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Mathcounts in Saigon

Our teams traveled to Vietnam to take part in the regional Mathcounts competition last weekend. Since I started the program at JIS and pushed for an interscholastic tournament, check out the phenomenal growth:

  • 2012 – 18 students from 1 school, school-wide competition in Jakarta
  • 2013 – 49 students from 5 schools, competition in Jakarta
  • 2014 – 72 students from 8 schools, competition in Singapore
  • 2015 – 108 students from 11 schools, competition in Ho Chi Minh City (Saigon)

I’d say we’ve gotten things pretty well off the ground!

Mathcounts in Singapore

Mathcounts in Singapore got off to a bit of a rough start, as one of our students was turned away at the airport due to visa issues, then we had a flight cancellation, and finally a broken bus, the team finally made it and was raring to go. Late night studying and quick trips to Subway were all the rage for our kids.

Here’s the team in all their glory after today’s competition. Mathcounts can get rough…

Mathletes at their finest

Mathcounts tourney

Here are some images from the tournament and trip. I was really proud of the kids – well behaved, and they placed 33rd out of the 56 teams there. They were noted as the second-most improved team there – yay!!

Mathcounts National competition

Hints for State Department team coach:

  • Everything at the hotel is expensive! Bring all the supplies you can
  • An outgrowth of the previous hint: see if you can arrange a shopping trip to a local Target or Walmart to stock up on supplies for back home. Try to contact other overseas schools’ reps (DoDDs, Guam, etc)
  • Bring printed-out tests for practice, pencils, sharpeners, and blank (scratch) paper
  • The last breakfast of the tournament is just cereal and croissants – don’t get up if you don’t have to!
  • Bring lots of pins – try to get national flags, PTA support, etc

Mathcounts 2010

So another year, another Mathcounts.

Unfortunately this time around, we didn’t have any schools come in for the tournament, but we still had a good in-house competition.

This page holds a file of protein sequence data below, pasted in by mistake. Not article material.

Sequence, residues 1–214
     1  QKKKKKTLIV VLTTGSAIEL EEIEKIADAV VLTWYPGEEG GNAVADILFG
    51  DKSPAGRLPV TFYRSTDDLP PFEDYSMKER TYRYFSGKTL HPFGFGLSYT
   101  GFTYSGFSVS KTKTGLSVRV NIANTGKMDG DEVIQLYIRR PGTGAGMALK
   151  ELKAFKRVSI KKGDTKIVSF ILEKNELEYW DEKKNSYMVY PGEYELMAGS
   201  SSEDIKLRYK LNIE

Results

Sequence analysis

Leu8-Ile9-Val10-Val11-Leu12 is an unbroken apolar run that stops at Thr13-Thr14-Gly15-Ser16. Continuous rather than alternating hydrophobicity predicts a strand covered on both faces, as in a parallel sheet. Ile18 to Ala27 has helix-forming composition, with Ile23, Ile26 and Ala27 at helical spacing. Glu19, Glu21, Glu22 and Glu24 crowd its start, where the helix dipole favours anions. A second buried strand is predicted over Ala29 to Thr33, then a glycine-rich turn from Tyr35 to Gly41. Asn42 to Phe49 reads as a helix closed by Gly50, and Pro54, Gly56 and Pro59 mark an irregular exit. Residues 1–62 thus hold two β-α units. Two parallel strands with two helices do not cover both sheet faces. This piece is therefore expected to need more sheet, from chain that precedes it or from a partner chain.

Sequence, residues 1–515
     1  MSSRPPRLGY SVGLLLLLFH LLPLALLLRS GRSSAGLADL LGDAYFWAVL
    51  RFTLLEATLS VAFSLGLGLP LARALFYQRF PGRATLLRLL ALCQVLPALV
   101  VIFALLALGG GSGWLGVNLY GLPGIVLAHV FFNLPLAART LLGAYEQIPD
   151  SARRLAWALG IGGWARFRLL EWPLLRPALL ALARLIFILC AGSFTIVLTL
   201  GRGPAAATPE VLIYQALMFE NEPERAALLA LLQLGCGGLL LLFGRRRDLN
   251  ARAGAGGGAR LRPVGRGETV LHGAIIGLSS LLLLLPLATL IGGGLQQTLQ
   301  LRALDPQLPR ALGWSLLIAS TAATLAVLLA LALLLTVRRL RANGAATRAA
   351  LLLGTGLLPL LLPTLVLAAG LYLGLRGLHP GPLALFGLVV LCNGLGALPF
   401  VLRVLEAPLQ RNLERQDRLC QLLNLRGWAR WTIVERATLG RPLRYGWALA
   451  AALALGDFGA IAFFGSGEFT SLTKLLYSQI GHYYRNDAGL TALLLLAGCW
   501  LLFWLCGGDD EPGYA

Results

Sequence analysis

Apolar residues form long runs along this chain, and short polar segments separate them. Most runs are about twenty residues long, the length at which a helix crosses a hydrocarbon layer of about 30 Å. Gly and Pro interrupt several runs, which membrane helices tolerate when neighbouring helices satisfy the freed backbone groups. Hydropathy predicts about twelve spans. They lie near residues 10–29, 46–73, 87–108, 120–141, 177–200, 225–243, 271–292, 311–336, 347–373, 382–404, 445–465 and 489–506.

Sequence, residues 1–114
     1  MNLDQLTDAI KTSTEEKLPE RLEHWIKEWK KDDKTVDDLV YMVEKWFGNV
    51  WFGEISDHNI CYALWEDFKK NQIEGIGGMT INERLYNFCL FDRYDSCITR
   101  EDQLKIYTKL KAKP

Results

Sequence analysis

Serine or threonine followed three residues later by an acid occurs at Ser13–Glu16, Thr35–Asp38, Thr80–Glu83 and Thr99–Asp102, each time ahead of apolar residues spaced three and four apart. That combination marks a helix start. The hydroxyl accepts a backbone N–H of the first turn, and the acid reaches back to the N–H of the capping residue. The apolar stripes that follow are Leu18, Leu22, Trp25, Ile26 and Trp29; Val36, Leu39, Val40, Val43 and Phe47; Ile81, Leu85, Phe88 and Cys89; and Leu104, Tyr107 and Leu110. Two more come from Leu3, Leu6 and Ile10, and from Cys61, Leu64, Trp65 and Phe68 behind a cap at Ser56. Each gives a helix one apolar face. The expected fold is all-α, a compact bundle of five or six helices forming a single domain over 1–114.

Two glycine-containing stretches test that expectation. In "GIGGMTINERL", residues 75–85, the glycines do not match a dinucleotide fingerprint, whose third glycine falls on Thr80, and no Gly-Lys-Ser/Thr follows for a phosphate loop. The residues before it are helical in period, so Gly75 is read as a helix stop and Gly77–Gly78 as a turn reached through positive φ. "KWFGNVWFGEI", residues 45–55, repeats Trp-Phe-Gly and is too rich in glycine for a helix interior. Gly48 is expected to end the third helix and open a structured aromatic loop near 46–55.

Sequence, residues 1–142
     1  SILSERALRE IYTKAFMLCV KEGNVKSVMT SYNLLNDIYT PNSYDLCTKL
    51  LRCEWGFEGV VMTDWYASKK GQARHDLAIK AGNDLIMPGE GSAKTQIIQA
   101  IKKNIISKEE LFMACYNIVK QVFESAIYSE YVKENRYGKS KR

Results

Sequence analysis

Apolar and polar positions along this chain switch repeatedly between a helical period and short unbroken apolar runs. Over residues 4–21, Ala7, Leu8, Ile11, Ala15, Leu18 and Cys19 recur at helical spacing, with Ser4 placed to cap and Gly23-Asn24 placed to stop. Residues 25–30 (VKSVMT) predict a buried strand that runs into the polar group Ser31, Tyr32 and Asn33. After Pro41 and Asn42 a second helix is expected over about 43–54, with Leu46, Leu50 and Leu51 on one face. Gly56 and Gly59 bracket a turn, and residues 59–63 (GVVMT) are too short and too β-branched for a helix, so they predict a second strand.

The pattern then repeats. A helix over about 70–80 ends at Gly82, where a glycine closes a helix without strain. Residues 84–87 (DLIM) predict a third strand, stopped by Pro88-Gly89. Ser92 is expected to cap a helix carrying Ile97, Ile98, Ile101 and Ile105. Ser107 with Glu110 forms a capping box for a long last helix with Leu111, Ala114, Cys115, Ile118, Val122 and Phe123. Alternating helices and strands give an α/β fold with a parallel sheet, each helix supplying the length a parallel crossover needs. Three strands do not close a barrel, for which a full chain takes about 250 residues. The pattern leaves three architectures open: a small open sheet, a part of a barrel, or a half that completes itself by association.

The kids worked hard – well, at least on the tests. I’m thinking that many of the practices during the year were more of an excuse to get free popcorn than to study math 🙂

But they were tearing their hair out on the tougher problems and put on a fantastic show for the elementary students who came to watch the countdown round.

Of course, I think the highlight of the weekend was seeing the kids’ expressions when we pulled out the team t-shirts: they absolutely loved them! And it was also funny to see the reactions on the many adults’ faces (cough* Susan *cough) who don’t understand what they say.

Dave, on the other hand, is so cool as a middle school teacher that he came up with the slogan and thinks it is a pretty darn good one for a math team:

(ask a middle schooler if you need a translation…)


ASB Mathcounts Green TeamWe held ASB’s first ever Mathcounts competition this weekend, and I think things went off pretty well. We’ve had up to 16 kids coming for practices, but with other events (including an Iron Maiden concert here in Bombay – talk about a phrase I never imagined ever writing in my life!) we had 8 show up for the meet. That works out perfectly, though, as the team events involve 4 kids on each team, so we had 2 groups to go head to head.When the individual events finished on Friday, we had one person who was clearly ahead of the pack, but then a big logjam behind him. Our team competition on Saturday was very close, and our individual “Countdown Round” was a huge success, with several upsets and people changing final placement.